A bipartisan agreement on infrastructure emerges in the United States Senate | Political News


A bipartisan group of U.S. senators said Thursday they have reached an agreement on a framework for a massive plan for proposed infrastructure spending without major taxes.

In a statement, the group of five Republicans and five Democrats said they were discussing their approach with their colleagues and the Biden White House, and were optimistic about gaining broad support.

“Our group … has worked in good faith and reached a bipartisan agreement on a realistic and compromising framework to modernize our nation’s energy infrastructure and technologies,” said Democrat-led group Kyrsten Movies and Republican Rob Portman.

“This investment would be paid for in full and would not include the tax increase,” they said.

The statement did not give any details of the deal and Democratic critics of the nascent deal were fired when senators rushed to leave Washington for the weekend.

A person familiar with the deal told Reuters news agency that it would cost $ 974 billion over five years and $ 1.2 trillion over eight years and include $ 579 billion in new expenses.

Chuck Schumer, leader of the Democratic majority in the U.S. Senate, said he was open to considering the bipartisan proposal, but wanted to see it in writing – and added that he could also push for a follow-up spending measure with only support. democratic.

“They told me verbally, stuff; I asked for paper, I’ll see it, ”Schumer said. “But we continue to proceed on two tracks. A bipartisan track and a reconciliation track, and both are moving forward.”

President Joe Biden promoted it a sweeping $ 1.7 trillion package to renovate roads and bridges and address other issues such as education and home health care.

Republicans have rejected the president’s infrastructure plan, which will deal with climate change, build some social programs and pay for himself by raising taxes on American corporations.

Biden offered ladder back his proposals but met with a comeback this week when Senator Joe Manchin, a centrist Democrat, insisted that any infrastructure plan have bipartisan support and Biden refused. a smaller proposal presented by Republican Senator Shelley Moore Capito.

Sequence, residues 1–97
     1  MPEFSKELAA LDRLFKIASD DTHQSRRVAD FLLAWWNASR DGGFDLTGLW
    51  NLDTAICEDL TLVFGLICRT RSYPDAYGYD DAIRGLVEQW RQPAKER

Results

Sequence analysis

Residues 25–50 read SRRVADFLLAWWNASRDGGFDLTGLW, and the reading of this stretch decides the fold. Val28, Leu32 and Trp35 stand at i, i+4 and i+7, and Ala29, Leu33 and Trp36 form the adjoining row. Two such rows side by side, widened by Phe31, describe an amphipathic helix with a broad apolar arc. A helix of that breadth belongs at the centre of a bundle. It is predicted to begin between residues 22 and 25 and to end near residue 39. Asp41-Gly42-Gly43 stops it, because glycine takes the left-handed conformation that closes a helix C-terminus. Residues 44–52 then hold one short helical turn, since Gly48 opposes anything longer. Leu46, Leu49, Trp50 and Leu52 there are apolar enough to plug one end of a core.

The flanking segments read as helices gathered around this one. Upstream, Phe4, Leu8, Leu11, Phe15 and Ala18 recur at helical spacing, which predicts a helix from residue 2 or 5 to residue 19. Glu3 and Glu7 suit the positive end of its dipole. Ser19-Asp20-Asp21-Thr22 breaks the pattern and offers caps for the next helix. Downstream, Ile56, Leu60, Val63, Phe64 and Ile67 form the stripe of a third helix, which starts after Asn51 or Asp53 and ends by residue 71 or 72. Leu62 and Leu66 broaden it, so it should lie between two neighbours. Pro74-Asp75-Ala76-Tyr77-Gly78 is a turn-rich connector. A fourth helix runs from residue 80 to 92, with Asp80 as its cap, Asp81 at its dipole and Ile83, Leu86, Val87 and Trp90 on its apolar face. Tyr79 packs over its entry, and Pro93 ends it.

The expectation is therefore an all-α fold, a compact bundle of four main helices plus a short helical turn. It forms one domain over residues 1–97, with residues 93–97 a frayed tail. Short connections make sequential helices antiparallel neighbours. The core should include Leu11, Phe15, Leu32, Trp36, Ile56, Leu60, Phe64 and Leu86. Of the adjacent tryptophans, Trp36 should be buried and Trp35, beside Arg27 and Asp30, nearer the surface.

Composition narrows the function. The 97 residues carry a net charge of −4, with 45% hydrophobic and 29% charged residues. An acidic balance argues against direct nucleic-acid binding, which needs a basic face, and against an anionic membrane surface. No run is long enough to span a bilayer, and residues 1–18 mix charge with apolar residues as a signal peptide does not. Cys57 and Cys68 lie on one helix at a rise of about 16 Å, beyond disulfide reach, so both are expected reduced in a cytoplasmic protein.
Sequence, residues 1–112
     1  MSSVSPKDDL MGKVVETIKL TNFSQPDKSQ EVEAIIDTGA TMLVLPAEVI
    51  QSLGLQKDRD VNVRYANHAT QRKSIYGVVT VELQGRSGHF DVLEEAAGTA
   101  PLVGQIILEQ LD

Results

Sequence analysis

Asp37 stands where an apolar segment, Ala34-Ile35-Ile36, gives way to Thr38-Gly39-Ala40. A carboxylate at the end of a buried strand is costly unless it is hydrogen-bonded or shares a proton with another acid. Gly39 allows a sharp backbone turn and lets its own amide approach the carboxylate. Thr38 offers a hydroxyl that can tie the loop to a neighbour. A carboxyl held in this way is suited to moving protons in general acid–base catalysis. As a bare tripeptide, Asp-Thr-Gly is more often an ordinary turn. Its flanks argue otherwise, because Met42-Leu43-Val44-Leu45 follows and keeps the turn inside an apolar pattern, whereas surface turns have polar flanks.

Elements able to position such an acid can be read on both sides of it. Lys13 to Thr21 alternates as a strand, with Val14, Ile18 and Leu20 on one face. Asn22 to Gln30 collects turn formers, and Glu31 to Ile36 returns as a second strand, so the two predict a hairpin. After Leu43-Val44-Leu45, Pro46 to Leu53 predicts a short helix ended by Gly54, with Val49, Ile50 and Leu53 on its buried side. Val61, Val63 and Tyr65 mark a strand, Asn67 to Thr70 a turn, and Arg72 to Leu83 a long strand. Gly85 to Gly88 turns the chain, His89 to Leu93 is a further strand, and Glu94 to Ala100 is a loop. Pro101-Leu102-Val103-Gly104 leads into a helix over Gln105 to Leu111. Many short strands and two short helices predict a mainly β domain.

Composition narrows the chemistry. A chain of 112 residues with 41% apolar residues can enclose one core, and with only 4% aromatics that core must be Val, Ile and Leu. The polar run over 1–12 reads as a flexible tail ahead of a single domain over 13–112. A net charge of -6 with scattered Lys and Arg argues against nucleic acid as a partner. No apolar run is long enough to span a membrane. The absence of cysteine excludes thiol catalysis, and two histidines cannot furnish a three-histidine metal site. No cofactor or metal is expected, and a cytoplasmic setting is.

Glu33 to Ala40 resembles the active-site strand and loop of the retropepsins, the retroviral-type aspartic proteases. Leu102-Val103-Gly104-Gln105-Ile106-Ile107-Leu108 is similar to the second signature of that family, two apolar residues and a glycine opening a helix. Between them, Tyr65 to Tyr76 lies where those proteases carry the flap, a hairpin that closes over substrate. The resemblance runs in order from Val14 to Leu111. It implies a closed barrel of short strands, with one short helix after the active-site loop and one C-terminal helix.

This left room for the group of 10 moderate senators from both parties to present a new idea designed to generate enough support to go through the Senate with the 60 votes needed for most of the bills. The Senate is split 50-50 between the two parties.

Republican Senate leader Mitch McConnell also told the group he was open to his ideas, Republicans say.

In addition to Sinema and Portman, the negotiating group of 10 senators includes Democrats Joe Manchin, Jeanne Shaheen, Jon Tester and Mark Warner, along with Republicans Bill Cassidy, Susan Collins, Lisa Murkowski and Mitt Romney.

Manchin told reporters that “things are going in the right direction.”

Romney said there was also a “general agreement” on a front-line spending figure but it was not specifically established.

He did not specify the number, but told reporters that the planned package will be paid, in part, by indexing the federal tax on gasoline to inflation.

He and Tester also talked about a provision that could raise revenues by having the Internal Revenue Service go after tax scams.

At the same time, transportation bills related to infrastructure have advanced to the level of the Congressional committee.

With Biden in Europe, Kate Bedingfield, White House communications director, said administration officials have been encouraged by bipartisan negotiations both in the House of Representatives and in the Senate.

“We’re seeing progress on several fronts right now,” he told CNN.

“That’s how a bill becomes a law. It’s a multi-stage process, and we are encouraged by all the progress that is happening on these different paths simultaneously. ”

But the bipartisan push has come under fire from some Democrats who have criticized a Republican approach that restricts attention to physical infrastructure and excludes tax increases for corporations and the rich.





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